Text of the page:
Last spring I wrote about the dry spring weather and how to set up a marketing plan that would work for your farm regardless of what the weather did for the rest of the year. Now I’ll continue with that theme but with somewhat of a twist. It’s certainly not dry like it was last year, so that could definitely change the outlook.
Let’s start with a global perspective. European and Baltic region harvests were estimated to be average to above average for volume with a mixed quality profile, but nothing of big concern that couldn’t be blended and sold.
Australia just finished a bumper harvest of decent quality grains in March.
South America is in the middle of harvest, which looks to also be a bumper crop. There have been some weather delays that could drop quality but this was in limited areas.
India’s harvest is underway and it is a far bigger crop than they have had in the past two or three years; India won’t be near as reliant on imports as they have been in the past few years.
- Read more: Locking your crop prices in early
The U.S winter wheat crop was the lowest acreage ever seeded and has recently faced weather issues — too much rain and then snow. Overall, spring weather across the U.S. and the Prairies has been unsettled — cool and wet — which has not helped seeding progress or helped to get the remains of last year’s crop harvested.
The Prairie outlook
If the weather has cooperated and the majority of seeding on the Prairies is done, what might that mean for your marketing plan strategy for the coming year?
If, on the other hand, your seeding has been delayed due to poor weather conditions, how could that change your marketing strategy?
This is the time to review how much new crop you have pre-priced up to now. Is it too much depending on the current condition of your crops right now or the overall crop outlook across the Prairies?
Do you have target price contracts in place? If so, should you cancel them, or should you raise the target prices if you are willing to pre-price more grain and it looks like futures markets could improve?
Should you be looking at cancelling some contracts if you are overbooked or you think futures prices are going to rise because of the overall crop concerns? Or should you consider using call options to capture any value in a potential market upswing that you are anticipating could happen and which could also help protect you on any tonnes that you may be short of delivery on come fall?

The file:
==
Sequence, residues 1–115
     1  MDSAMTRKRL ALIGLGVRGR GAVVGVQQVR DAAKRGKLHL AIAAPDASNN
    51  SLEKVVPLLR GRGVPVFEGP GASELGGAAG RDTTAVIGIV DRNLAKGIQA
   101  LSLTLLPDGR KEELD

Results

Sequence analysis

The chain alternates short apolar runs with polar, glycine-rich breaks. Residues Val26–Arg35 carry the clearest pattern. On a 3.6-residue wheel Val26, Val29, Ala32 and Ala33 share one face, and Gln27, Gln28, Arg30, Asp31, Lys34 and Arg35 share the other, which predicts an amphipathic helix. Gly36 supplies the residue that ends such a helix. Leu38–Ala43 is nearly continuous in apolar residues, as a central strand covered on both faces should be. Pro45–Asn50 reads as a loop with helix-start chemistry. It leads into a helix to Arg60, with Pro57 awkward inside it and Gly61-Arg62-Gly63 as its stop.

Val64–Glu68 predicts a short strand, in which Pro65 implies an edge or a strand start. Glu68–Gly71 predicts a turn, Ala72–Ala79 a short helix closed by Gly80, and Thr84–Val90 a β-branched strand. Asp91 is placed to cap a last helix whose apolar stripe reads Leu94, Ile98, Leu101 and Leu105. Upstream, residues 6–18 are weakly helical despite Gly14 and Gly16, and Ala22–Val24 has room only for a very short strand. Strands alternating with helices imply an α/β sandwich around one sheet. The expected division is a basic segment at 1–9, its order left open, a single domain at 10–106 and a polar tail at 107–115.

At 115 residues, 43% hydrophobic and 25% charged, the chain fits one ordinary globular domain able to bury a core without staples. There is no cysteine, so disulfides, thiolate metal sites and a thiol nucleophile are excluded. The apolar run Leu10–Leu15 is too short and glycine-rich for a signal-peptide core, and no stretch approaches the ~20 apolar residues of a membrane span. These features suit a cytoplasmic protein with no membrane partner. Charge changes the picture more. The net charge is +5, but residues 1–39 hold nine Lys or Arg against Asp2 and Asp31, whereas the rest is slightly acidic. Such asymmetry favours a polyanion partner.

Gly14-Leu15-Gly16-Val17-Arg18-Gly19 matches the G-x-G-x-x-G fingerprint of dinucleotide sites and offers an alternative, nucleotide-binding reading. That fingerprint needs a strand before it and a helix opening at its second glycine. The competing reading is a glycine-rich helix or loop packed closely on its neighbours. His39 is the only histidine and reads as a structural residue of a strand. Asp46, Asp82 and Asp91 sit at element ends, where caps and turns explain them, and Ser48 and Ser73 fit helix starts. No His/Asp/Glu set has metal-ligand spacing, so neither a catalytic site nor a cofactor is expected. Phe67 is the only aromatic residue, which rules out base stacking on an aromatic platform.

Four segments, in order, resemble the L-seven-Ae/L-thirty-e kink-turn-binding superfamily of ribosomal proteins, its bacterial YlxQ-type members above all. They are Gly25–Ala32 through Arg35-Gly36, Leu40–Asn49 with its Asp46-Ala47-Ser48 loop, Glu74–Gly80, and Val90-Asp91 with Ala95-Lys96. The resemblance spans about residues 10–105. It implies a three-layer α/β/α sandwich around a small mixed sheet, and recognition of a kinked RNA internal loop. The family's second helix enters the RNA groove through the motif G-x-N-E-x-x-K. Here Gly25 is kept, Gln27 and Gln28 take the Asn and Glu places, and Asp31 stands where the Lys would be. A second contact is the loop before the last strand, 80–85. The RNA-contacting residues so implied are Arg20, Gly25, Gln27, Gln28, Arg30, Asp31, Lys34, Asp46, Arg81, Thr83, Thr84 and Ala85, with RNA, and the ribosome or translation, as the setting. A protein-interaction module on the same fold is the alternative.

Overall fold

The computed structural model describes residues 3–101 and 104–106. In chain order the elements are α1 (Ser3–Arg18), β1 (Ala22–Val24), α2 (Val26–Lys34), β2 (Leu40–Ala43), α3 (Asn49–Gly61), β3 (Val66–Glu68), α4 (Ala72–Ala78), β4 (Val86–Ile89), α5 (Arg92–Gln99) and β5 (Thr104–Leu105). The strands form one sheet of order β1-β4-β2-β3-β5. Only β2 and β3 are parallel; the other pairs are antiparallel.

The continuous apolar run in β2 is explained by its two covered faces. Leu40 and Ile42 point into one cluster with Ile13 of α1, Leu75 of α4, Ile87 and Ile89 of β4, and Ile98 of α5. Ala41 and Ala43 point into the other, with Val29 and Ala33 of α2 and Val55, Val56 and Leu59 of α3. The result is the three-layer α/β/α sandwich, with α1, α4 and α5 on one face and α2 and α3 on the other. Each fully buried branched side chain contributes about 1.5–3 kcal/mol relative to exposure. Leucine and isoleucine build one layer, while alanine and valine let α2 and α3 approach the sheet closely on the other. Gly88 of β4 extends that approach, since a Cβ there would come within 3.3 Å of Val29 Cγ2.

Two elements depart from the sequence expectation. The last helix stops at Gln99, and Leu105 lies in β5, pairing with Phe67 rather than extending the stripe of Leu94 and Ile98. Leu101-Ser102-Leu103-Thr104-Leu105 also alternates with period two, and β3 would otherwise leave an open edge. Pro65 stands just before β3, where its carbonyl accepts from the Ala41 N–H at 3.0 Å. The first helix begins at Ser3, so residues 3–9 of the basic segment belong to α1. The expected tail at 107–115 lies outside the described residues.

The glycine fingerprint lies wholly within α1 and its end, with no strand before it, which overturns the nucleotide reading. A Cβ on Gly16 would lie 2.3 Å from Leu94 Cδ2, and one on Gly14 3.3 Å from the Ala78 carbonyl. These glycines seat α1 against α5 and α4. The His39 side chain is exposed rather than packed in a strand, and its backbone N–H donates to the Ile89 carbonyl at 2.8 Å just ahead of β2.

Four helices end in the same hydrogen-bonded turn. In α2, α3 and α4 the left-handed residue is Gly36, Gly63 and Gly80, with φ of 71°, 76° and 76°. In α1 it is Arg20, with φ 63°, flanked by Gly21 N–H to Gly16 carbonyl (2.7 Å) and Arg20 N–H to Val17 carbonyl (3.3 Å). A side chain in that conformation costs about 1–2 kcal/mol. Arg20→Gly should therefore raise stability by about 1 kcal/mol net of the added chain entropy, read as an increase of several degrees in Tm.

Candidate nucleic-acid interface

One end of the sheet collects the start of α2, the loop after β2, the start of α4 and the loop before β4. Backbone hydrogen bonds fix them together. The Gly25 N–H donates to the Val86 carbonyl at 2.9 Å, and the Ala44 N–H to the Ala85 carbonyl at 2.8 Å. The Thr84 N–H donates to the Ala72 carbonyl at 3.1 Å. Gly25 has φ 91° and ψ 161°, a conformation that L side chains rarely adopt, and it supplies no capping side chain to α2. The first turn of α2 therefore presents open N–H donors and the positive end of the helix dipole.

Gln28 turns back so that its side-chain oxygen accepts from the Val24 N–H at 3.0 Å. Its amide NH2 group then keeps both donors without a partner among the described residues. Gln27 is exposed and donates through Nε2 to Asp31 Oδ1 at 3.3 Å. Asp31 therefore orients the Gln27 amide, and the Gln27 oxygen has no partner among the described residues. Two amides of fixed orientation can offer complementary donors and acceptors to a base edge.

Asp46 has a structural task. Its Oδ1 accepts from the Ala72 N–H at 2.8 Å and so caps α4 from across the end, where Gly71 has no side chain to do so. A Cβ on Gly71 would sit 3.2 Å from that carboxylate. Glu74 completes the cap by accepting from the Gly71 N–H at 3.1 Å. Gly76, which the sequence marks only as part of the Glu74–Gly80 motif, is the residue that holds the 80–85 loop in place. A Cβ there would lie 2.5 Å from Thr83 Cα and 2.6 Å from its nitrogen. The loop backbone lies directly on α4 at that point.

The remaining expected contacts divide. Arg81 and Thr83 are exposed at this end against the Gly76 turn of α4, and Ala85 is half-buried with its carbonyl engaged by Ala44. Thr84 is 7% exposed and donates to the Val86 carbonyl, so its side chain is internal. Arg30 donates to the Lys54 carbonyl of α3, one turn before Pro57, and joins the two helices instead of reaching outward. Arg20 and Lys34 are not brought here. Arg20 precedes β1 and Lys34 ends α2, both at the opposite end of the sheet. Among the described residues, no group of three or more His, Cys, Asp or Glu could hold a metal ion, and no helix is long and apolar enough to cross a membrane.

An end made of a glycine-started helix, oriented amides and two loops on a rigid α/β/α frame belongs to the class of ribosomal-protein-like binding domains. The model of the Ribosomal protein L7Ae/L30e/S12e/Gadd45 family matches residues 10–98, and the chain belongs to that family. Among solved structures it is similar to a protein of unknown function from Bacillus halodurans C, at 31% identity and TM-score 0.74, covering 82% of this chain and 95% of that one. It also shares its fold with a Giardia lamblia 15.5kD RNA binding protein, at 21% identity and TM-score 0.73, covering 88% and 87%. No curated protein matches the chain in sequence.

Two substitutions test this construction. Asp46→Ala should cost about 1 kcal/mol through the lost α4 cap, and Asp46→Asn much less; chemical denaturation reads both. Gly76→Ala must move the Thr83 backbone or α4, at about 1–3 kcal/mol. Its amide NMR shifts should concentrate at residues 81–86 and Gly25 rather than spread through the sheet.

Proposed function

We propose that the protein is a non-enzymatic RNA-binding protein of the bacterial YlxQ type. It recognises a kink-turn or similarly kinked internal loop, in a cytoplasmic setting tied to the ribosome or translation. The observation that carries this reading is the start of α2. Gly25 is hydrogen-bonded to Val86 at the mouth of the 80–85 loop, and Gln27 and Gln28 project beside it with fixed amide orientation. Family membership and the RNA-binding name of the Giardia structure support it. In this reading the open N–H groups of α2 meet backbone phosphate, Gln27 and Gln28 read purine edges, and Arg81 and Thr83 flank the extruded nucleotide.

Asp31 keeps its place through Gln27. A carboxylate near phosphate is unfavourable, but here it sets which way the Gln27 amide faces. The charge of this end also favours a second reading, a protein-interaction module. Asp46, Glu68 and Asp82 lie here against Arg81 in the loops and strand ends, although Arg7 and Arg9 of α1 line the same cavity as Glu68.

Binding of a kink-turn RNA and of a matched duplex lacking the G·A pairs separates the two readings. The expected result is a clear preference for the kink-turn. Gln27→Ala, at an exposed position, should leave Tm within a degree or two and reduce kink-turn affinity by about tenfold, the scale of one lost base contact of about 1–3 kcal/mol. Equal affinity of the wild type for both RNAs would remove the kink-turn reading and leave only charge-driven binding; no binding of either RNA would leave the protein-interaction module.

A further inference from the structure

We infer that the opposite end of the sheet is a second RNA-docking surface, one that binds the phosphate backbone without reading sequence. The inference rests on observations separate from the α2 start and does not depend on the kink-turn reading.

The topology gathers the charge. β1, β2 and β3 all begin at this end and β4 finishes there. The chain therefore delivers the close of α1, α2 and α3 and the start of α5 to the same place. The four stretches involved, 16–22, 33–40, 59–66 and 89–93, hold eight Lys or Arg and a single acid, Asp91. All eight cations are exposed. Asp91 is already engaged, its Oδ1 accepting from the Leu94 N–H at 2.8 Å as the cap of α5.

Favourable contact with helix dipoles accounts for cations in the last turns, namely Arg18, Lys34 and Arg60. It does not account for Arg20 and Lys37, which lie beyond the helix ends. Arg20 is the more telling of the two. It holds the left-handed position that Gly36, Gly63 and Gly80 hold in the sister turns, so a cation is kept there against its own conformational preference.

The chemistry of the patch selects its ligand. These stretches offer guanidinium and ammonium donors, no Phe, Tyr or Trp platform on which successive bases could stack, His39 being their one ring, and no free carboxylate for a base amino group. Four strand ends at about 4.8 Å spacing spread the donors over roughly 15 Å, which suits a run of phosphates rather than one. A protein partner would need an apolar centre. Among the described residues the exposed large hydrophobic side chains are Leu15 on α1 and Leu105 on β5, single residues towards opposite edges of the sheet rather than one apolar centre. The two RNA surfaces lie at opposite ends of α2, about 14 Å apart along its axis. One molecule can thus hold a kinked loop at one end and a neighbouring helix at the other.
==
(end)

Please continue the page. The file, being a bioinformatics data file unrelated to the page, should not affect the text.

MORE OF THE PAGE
If you have your costs of production and break-even numbers in a spreadsheet and you have a marketing plan in place it won’t take you long to sit down and update the relevant information such as acres seeded, yield potential and price expectations. This will give you a better picture of your potential profit for the coming year. Then you can review your marketing plan and see what, if any, changes you need to make to your pricing targets your total tonnes to sell and/or the types of contracts you should use to protect your profits.
Reviewing your marketing plan at key strategic times such as right after seeding, part way through the growing year and right after harvest is critical in helping you determine if your earlier plans needs revising to ensure you’re maximizing your profits while protecting yourself from uncertainty or added risks.
Weather events such as hail and or frost can severely impact your production and or quality. This will no doubt have an impact on your profitability, but let’s not forget that it could also have a big impact on pre-priced contracts. If you’ve signed contracts earlier in the year and then end up short of tonnes or quality to meet your contract obligations what financial penalties will you face? These costs will be yours so make sure you review your plan as soon as you experience a weather event so that if you are going to be short tonnes for delivery you can make decisions sooner than later, to ensure you aren’t at any more risk than is absolutely necessary.
Good luck seeding and be safe in the fields.